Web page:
David Fincher's film version draws upon both books, the filmmaker's own re-investigation of the case, and employs fictional devices and takes considerable liberty in order to present a coherent account of the case, character studies of the men whose lives were changed by it, and a reasonably compelling argument in favor of Robert Graysmith's preferred conclusion. The film is, to begin with, a visual wonder. It looks more like the 60s and 70s than anything you're likely to see anytime soon. In fact, the production values are so high, that it looks more like the period than the movies made during that time do. I just saw The Laughing Policeman  and while it has the grit of reality down it also has that cheesy 70s feel that never lets you forget it's just a movie.
The casting in the film is also superb. Jake Gyllenhaal is appropriately squirrely as Robert Graysmith. Robert Downey Jr's initially cocky Paul Avery descends into cigarettes, drugs and alcohol. Brian Cox--coincidentally the original Hannibal Lecter on-screen--has a nice star turn as Belli. Anthony Edwards is an earnest and often frustrated Inspector William Armstrong. And Mark Ruffalo is a Toschi magnetic enough that you can understand him being the model for two movie archetypes, Clint Eastwood's Dirty Harry being the second, the first of that series heavily based on the Zodiac case. Finally, John Carroll Lynch is just unfamiliar enough and just frightening enough to make Arthur Leigh Allen a plausible candidate for the Zodiac. Smaller parts are filled ably by the likes of Elias Koteas, Sgt. Jack Mulanax of the Vallejo police, and Donal Logue, Captain Ken Narlow, from the Napa County Sheriff's Department.
While the movie opens with grueling re-enactments of the July 4th shooting, the Lake Berryessa stabbings, the taxi cab shooting, and an incident where a woman and her baby were abducted, perhaps by the Zodiac, but escaped, things soon settle down into the investigation phase and there are only a couple more scary scenes until the end. The tension in the film comes less from the physical danger presented by the killer than by the psychological and emotional danger that accompanied tracking him. If two things seem particularly ill-suited to the medium of the movies, they are the task of writing and the drudgery of a real-life investigation. David Fincher turns both into compelling drama. One of the real curiosities attending the film are reviews that praise him for the unique glimpse that the movie provides of both, but then complain that he follows the case down the dead-ends that reporters and cops did. Huh? It is because the viewer feels so deflated after the various leads end up not panning out that we get some sense of the toll the unsolved mystery exacted. That is risky story-telling, but it is quite brilliantly done. In the end, so comprehensible has the obsession been rendered that even as Graysmith's behavior tips over into the frantic and we watch him alienate friends and lose his family, we can't imagine him quitting before he answers the mystery to at least his own satisfaction. We are become almost participants in the mania, no longer mere observers.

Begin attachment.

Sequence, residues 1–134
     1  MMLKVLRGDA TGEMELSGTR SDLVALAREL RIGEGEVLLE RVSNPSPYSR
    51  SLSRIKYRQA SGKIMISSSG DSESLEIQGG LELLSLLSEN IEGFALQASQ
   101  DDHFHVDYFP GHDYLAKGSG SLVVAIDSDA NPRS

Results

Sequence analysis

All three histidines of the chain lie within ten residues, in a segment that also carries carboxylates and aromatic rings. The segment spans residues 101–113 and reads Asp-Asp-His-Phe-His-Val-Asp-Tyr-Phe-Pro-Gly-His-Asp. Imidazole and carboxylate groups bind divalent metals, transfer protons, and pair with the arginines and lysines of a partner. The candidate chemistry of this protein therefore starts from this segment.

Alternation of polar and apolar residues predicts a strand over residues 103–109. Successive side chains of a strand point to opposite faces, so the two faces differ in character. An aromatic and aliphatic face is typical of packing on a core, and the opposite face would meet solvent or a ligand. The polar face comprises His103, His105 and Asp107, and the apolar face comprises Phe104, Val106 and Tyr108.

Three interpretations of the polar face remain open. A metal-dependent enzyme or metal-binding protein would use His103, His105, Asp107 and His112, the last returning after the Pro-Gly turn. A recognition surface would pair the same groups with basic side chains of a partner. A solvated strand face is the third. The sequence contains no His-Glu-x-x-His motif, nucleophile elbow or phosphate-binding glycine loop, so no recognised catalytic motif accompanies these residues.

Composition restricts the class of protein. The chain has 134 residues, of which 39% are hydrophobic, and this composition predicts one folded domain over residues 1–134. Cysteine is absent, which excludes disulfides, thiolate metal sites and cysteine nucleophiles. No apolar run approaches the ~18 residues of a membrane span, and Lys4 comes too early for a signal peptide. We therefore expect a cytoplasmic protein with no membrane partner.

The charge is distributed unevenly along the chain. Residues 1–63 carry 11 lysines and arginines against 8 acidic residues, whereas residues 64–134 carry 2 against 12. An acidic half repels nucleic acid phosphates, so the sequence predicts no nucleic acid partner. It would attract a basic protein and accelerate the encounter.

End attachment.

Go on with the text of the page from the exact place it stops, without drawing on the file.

-MOVIE SITE: Zodiac
-FILM INFO: Zodiac (2007) (IMDB)
-FILMOGRAPHY: David Fincher: 28 August 1962, Denver, CO (IMDB)
-ESSAY: Not Many People Have Basements in California ...: Robert Graysmith visiting the home of Bob Vaughn in ‘Zodiac’ is David Fincher’s most purely terrifying scene. Here’s how it came together—and came to stay in the movie. (Jake Kring-Schreifels, Sep 24, 2020, the Ringer)
-ESSAY: THE HUNTER, THE HUNTED, AND “THE MOST DANGEROUS GAME": A political thriller author and former SEAL Team member reflects on the warrior's life and a classic short story. (JACK CARR, 4/23/20, Crime Reads)
-PROFILE: Lights, Bogeyman, Action (DAVID M. HALBFINGER, February 18, 2007, NY Times)
-REVIEW ARCHIVES: Zodiac (Metacritic)
-REVIEW: of Zodiac (MANOHLA DARGIS, NY Times)
-REVIEW: of Zodiac (Roger Ebert, Chicago Sun-Times)
-REVIEW: of Zodiac (Jeffrey Overstreet, Christianity Today)
-REVIEW: of Zodiac (William Arnold, Seattle PI)
-REVIEW: of Zodiac (Scott Foundas, LA Weekly)
-REVIEW: of Zodiac (Dana Stevens, Slate)
-REVIEW: of Zodiac (David Denby, The New Yorker)
-REVIEW: of Zodiac (David Edelstein, New York)
-REVIEW: of Zodiac (Christopher Orr, New Republic)
-REVIEW: of Zodiac (Kevin Crust, LA Times)
-REVIEW: of Zodiac (Stephen Hunter, Washington Post)
-REVIEW: of Zodiac (Stephanie Zacharek, Salon)
-REVIEW: of Zodiac (Mick LaSalle, SF Chronicle)
-REVIEW: of Zodiac (James Berardinelli)
-REVIEW: of Zodiac (Robert Hanks, Independent) ZODIAC CASE:
-ARCHIVES: The Zodiac Killer (SFGate Staff)
-Zodiac Movie vs. Zodiac Killer (Chasing the Frog)
-Zodiac Killer (Wikipedia)
-Zodiac Cypher Webtoy (Oranchak)
-ESSAY: The Zodiac Killer (Jake Wark, TruTV)
-Zodiac Killer Facts
-OBITUARY: Paul Avery, Longtime Newspaper Reporter (Michael Taylor, December 13, 2000, SF Chronicle)
Perhaps the most intense story of Mr. Avery's career was the Zodiac case, a series of killings -- unsolved to this day -- that began in October 1966 and ostensibly ended with the death of a San Francisco cab driver in October 1969. At the time, Mr. Avery was a police reporter at The Chronicle.
-ARTICLE: Zodiac Serial Killer Found?; The Sun (David Lowe, 9/03/08, The Sun)
-ARTICLE: DNA seems to clear only Zodiac suspect: New-found evidence may allow genetic profile of '60s killer (Mike Weiss, October 15, 2002, SF Chronicle)
-ARTICLE: Zodiac's written clues fascinate document expert (Lance Williams, March 3, 2007, SF Chronicle)